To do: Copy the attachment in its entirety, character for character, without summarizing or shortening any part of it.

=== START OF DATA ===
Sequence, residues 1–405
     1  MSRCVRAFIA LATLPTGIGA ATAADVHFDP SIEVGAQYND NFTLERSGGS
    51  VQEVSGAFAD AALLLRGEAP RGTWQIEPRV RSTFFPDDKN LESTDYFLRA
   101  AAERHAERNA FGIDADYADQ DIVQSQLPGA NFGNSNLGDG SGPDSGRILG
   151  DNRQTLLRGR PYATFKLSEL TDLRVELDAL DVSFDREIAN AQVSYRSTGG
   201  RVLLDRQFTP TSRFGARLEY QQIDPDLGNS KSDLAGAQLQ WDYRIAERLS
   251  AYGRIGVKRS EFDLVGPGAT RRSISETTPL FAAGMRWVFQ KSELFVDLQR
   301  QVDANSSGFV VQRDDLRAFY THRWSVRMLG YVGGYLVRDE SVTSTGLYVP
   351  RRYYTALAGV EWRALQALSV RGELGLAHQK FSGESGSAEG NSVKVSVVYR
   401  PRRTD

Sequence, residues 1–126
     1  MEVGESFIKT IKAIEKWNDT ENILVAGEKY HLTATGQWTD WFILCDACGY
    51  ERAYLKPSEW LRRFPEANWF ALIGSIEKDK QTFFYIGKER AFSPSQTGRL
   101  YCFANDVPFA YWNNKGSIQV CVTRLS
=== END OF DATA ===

Sequence, residues 1–405
     1  MSRCVRAFIA LATLPTGIGA ATAADVHFDP SIEVGAQYND NFTLERSGGS
    51  VQEVSGAFAD AALLLRGEAP RGTWQIEPRV RSTFFPDDKN LESTDYFLRA
   101  AAERHAERNA FGIDADYADQ DIVQSQLPGA NFGNSNLGDG SGPDSGRILG
   151  DNRQTLLRGR PYATFKLSEL TDLRVELDAL DVSFDREIAN AQVSYRSTGG
   201  RVLLDRQFTP TSRFGARLEY QQIDPDLGNS KSDLAGAQLQ WDYRIAERLS
   251  AYGRIGVKRS EFDLVGPGAT RRSISETTPL FAAGMRWVFQ KSELFVDLQR
   301  QVDANSSGFV VQRDDLRAFY THRWSVRMLG YVGGYLVRDE SVTSTGLYVP
   351  RRYYTALAGV EWRALQALSV RGELGLAHQK FSGESGSAEG NSVKVSVVYR
   401  PRRTD

Sequence, residues 1–126
     1  MEVGESFIKT IKAIEKWNDT ENILVAGEKY HLTATGQWTD WFILCDACGY
    51  ERAYLKPSEW LRRFPEANWF ALIGSIEKDK QTFFYIGKER AFSPSQTGRL
   101  YCFANDVPFA YWNNKGSIQV CVTRLS